CALGARY -- Some Alberta businesses say they're feeling left behind following an announcement that travel restrictions at the Canada-U.S. border will remain in place for at least another month.

The federal government said Friday the restrictions on non-essential international travel will be kept in place until July 21.

In Calgary, one travel agent said it was a hard thing to hear.

"People are just wanting to know when can we travel or when can we plan that vacation," Travel Time owner Terri Jo Lennox said. "They just want some guidance on that."

Lennox told CTV News she understands the reasoning behind the extension, but was hoping for more information from the government.

"The most unsettling piece of it for both us in the industry and consumers in general is all of the uncertainty, and the lack of information or a plan," she said.

The measures at land crossings have been in place since the onset of the COVID-19 pandemic in March 2020.

The pressure to relax the restrictions has been building from businesses on both sides of the border in recent months.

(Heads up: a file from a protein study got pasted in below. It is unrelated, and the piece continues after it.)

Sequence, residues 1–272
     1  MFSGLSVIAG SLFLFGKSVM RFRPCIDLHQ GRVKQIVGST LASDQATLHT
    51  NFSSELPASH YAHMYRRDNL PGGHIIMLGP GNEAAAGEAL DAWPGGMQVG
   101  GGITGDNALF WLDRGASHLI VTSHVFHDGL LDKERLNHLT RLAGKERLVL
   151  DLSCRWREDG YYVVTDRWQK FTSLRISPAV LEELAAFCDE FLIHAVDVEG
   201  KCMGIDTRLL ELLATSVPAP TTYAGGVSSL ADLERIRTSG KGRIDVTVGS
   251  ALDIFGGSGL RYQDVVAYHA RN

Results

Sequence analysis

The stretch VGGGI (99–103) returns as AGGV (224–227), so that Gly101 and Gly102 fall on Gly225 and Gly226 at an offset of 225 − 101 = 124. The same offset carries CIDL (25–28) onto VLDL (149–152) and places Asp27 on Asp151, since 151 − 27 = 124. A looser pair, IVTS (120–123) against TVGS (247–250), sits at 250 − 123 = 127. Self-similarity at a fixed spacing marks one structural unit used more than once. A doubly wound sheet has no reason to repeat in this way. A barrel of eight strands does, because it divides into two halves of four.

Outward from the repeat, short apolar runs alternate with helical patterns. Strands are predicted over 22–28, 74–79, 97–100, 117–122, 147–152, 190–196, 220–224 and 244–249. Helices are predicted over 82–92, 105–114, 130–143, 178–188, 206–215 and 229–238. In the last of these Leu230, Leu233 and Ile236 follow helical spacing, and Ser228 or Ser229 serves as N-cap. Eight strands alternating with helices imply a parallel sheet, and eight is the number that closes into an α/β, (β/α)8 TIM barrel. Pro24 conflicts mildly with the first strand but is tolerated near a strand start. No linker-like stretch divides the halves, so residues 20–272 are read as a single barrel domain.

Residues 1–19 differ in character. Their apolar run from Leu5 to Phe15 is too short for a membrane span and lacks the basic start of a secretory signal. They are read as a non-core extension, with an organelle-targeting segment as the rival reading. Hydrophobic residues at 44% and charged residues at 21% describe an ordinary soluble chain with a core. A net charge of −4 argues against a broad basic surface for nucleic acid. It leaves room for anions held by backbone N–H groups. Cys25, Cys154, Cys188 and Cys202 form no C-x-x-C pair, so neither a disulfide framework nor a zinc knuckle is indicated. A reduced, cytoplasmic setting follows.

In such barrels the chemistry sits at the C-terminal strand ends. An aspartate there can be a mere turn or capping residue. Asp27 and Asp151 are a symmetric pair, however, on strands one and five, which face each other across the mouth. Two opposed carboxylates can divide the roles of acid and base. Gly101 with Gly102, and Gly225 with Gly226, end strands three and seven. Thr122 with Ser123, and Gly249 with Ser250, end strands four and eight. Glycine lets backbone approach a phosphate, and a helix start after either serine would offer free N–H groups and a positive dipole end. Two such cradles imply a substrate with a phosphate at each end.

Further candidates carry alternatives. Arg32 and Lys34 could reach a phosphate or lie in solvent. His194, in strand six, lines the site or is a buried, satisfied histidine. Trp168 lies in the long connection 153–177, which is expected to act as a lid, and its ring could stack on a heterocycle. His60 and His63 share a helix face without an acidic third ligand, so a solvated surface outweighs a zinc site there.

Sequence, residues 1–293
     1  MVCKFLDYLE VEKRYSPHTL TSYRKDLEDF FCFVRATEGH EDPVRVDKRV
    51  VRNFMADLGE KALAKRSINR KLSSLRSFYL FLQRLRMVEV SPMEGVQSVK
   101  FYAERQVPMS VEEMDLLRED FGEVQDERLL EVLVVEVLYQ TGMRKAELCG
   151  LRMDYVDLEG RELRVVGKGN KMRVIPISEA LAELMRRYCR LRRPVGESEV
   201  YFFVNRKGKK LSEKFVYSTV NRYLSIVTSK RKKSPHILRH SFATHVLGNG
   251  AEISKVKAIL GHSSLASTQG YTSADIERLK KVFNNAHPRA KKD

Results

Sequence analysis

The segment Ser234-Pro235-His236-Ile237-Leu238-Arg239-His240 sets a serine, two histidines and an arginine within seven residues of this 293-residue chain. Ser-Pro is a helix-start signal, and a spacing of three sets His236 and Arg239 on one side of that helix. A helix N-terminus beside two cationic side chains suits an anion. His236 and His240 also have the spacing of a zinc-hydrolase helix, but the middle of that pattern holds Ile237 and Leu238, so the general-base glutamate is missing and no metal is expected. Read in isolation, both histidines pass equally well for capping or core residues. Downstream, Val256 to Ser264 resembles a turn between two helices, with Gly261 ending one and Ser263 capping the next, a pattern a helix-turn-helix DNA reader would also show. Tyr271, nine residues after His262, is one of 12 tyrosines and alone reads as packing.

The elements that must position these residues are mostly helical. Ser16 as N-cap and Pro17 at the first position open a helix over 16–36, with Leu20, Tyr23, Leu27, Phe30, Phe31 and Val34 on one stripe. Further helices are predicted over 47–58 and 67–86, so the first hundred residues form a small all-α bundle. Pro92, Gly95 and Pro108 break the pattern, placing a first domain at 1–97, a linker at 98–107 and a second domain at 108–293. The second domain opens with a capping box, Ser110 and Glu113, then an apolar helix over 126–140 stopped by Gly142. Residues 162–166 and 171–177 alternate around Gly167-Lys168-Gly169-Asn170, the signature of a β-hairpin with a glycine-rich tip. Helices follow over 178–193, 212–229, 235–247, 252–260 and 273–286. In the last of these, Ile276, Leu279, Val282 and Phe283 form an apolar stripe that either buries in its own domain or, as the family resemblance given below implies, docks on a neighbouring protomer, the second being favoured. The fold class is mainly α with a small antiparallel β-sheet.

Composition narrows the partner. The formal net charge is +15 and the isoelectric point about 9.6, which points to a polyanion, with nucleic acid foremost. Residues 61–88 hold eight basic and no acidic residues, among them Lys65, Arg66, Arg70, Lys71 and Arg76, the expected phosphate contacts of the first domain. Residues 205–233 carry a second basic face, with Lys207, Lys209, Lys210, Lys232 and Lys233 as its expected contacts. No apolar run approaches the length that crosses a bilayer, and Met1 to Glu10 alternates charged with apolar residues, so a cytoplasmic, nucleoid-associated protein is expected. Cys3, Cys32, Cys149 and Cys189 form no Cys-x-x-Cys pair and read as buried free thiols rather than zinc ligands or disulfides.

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Alberta's southern-most village has been struggling with the change.

"It continues to hurt our small businesses that depend on traffic going through," Coutts deputy mayor Scott MacCumber said.

It'll also impact summer travellers and the province's tourism industry.

The premier said he'd like to see some exceptions made to help some industries.

"I think most premiers believe that we can, at some point in July, begin receiving folks who have been double dosed," Jason Kenney said Friday.

The federal government is expected to provide details on Monday about plans to let fully vaccinated Canadians and permanent residents enter the country.

Specific details are currently unknown.

Prime Minister Justin Trudeau has previously said that it would take 75 per cent of Canadians getting vaccinated before restrictions at the border could be lifted.

Right now, more than 65 per cent of Canada’s total population has had their first dose and almost 17 per cent are fully vaccinated.